How I Became a Member of the True Church.
by W. Hoste
A few words of personal testimony as to how the writer humbly believes he became a member of the True Church, may be helpful to some.
I started life in Sandgate, Kent, with the biggest asset a boy can have in this world, Christian parents. They not only longed for us to be brought to Christ, but for this they laboured year in and year out, filling our minds with the Holy Scriptures, "which were able to make us wise unto salvation through faith which is in Jesus Christ,'' and taking us week by week under the sound of a Gospel ministry. Like Abraham, my parents commanded their children after God. "Yellow-backs'' and "playing cards" were unknown in our home, and we never crossed the threshold of a theatre, nor attended a race-meeting. So much the better, as we had not these evils to pluck off later. According to "Mr. Worldly Wiseman," our childhood ought to have been very dull and irksome. On the contrary, it was very happy and full of interests suited to our age.
May I be allowed to refer briefly to three days which stand out as important crises in my life? The first was when I was about nine years of age. We lived in Jersey then, where my father was quartered. A godly clergyman from England was staying with us, and he took us children for a Bible-reading. His subject was one which some wise people assert, ought never to be mentioned to children—the last judgment. I never forgot that solemn hour. God spoke to me in no uncertain tones, and His fear entered into my soul. I remember one night about this time, resolving not to go to sleep till I was saved. Some would teach that I was ''born again'' already to have such desires, but how could I be born again without receiving Christ? It is only to "as many as receive Him, that He gives the right to become children of God" (John 1. 12, R.V.), and I certainly had not received Him then. The Spirit does not begin His work by communicating life, but by convincing of sin. I was under this conviction. I read my Bible and said my prayers. I did the best I could, but I could not attain to righteousness, because I sought it not by faith in Christ, but by the works of the law. No doubt, however, the experience of those years was salutary and necessary. I had to learn that all my earnest efforts after goodness could not give me the certainty I needed, that I should be able to "stand in the judgment." I was always hoping, but in vain. One day I thought I was getting better, the next I was back in the old place. My dear mother longed not only that we should belong to Christ, but become preachers of the Gospel. I fell in with this idea, and determined to become a clergyman, but as I dreaded preaching to my own countrymen, I made up my mind to be a missionary, preaching under a palm tree to blacks would be less formidable I thought. My mother, who had a true missionary spirit, and had brought us up on the lives of Adoniram Judson, Robert Moffat, and suchlike books, was overjoyed, but this desire on my part was a mere flash in the pan and soon vanished. However, the Lord continued His work, and when I was about sixteen, an event occurred which was the turning point in my life. I was standing by myself in our schoolroom at home, when a verse of the Bible came vividly to mind: "The wages of sin is death, but the gift of God is eternal life through Jesus Christ our Lord'' (Rom. 5. 23). The words were familiar, but they spoke to me for the first time. ''Could it be possible that Heaven was a gift?'' I asked myself. "If that be so, I will accept it here and now." I looked up to God and told Him that I would take eternal life as a gift. No sooner had I taken this step in naked faith, than the conviction came over me that I had found what I had so long been seeking. I saw the Lord Jesus Christ as my Saviour; I believed He had died for me. Truly good news, worthy of God. ''Eternal life, a free gift through Jesus Christ our Lord.'' This could never have entered into the heart of man to conceive. God planned it. God performed it. I heard, I believed, I became a child of God, and though I did not know it at the time, a member of the Church of Christ.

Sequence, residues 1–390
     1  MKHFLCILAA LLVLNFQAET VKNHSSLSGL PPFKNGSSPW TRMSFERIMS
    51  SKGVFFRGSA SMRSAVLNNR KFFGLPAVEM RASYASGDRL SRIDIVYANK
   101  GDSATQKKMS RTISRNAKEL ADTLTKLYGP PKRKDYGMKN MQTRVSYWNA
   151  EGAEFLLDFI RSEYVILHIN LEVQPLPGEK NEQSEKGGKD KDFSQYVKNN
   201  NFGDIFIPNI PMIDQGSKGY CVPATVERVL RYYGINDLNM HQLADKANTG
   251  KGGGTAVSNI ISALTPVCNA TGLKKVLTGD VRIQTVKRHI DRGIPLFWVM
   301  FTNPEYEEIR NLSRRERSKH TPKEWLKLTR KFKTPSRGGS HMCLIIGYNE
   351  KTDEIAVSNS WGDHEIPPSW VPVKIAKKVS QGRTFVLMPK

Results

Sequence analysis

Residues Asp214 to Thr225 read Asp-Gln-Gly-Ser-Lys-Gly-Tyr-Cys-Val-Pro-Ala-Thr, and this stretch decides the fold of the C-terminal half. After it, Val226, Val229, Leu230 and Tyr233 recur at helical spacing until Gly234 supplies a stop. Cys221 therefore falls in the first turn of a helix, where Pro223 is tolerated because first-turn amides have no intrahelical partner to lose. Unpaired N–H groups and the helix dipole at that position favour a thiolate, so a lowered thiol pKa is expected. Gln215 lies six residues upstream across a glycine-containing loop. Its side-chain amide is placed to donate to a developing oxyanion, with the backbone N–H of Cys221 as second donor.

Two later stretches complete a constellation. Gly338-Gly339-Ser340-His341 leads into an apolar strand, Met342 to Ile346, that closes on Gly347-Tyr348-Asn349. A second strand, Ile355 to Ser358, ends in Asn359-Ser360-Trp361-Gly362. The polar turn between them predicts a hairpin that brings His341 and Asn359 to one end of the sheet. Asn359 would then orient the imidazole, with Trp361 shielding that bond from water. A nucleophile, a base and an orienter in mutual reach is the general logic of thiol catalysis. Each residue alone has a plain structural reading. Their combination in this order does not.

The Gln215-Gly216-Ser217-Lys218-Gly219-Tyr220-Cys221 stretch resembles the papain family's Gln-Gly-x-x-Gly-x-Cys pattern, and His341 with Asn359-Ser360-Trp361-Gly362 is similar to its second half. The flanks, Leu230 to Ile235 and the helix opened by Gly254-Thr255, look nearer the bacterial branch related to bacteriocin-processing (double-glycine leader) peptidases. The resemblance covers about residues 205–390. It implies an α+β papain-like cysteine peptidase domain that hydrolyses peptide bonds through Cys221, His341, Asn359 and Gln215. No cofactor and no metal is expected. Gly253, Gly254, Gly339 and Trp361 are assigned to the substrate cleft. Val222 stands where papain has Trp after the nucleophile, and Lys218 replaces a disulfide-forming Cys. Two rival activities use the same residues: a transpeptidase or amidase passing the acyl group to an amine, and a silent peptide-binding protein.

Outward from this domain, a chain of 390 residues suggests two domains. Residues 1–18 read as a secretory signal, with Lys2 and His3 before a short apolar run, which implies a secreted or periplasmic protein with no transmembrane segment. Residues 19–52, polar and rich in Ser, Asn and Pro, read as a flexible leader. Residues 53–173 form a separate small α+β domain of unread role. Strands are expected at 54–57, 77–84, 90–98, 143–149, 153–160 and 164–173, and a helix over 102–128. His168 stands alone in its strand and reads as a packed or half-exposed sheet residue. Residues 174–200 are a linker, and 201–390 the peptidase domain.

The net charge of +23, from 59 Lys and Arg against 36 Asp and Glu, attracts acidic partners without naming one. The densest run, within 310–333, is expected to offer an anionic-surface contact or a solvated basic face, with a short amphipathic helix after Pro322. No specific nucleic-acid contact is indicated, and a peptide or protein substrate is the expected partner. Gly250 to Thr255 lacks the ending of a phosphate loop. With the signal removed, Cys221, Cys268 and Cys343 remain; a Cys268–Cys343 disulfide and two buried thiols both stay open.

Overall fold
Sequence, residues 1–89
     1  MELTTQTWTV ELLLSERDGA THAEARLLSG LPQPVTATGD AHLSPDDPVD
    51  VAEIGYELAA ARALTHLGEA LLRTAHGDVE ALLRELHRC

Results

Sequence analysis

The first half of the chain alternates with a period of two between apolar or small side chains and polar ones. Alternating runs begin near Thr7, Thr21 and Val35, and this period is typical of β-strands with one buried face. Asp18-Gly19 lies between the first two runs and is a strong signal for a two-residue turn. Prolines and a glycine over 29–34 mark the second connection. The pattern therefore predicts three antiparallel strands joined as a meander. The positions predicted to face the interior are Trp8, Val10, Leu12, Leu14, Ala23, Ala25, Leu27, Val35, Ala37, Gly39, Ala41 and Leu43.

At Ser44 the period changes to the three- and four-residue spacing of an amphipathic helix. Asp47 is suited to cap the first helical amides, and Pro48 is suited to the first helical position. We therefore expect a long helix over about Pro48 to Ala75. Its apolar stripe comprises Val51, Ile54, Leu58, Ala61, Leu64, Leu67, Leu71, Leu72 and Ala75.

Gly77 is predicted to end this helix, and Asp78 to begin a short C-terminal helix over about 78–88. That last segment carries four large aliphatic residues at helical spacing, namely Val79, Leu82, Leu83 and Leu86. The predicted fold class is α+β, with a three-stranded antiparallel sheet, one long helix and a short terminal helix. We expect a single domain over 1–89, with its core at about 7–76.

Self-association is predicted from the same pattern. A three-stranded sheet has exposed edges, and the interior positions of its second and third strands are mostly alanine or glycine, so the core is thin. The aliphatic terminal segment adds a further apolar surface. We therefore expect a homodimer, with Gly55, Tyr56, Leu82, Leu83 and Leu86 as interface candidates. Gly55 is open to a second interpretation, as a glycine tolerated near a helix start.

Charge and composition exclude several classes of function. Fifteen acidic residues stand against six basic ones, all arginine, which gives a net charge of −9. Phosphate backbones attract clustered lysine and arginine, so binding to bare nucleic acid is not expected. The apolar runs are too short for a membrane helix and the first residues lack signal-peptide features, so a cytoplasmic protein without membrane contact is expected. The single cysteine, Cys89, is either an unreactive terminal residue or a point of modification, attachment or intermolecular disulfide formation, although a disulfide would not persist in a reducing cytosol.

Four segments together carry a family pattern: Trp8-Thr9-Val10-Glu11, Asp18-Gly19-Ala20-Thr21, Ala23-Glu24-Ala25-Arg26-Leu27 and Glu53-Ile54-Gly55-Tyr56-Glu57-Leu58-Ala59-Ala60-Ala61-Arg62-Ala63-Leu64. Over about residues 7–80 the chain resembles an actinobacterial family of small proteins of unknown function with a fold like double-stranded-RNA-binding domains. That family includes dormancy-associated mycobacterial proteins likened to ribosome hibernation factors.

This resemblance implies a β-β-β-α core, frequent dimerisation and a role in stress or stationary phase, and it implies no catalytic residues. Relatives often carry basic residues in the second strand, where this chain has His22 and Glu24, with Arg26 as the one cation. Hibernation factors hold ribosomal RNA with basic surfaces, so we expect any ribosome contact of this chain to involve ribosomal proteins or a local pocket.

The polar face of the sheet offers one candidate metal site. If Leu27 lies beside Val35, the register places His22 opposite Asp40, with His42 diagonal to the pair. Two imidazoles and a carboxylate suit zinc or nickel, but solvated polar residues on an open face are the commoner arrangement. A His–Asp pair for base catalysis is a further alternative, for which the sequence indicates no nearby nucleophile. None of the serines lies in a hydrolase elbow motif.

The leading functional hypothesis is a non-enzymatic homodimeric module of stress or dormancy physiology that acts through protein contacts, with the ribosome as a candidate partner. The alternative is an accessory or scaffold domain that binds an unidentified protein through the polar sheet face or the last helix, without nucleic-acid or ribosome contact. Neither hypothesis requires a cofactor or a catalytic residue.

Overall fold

About eight years passed away, and another event happened which was also in its way a turning point in my life. I was a student at Cambridge, preparing for ordination in the Church of England, an event which was to take place in a few months.
I was staying in London at the house of a well-known Christian worker, Miss W., aunt of a Cambridge friend of mine. When the Sunday came round, I questioned her about the ''Churches'' in the neighbourhood. Finding her, to my surprise, unable to inform me, I offered to accompany her to her "Church." ''Perhaps you will hardly call it a "Church," was her-reply, "but if you like to come, pray do.'' A few minutes from her house, we turned in at what looked like an ordinary doorway, and found ourselves in a fair-sized hall, full of people sitting round a table on which were placed a loaf and wine. Evidently they were about to celebrate ''Holy Communion." The place had no religious look; there was no clergyman as I had been accustomed to, nor apparently any leader. Nevertheless, all went on in an orderly fashion, now one taking part and then another, in praise, reading of the Scriptures, hymn-singing, and worship, interspersed with times of silence, which impressed me most of all, ending up with the passing of the bread and wine from hand to hand in memory of Christ. It was indeed a strange kind of "Church," such as I had never seen or heard of before, a ''Church" not of dead bricks and mortar, but of "living stones" quarried by the Holy Spirit from the pit of the world, and built upon the "Living Stone,'' Christ Jesus, to form a temple of God in the Spirit. I can thank God to-day for that strange visit and for its effect on my afterlife.
"The True Church: What is it and Who Compose it?"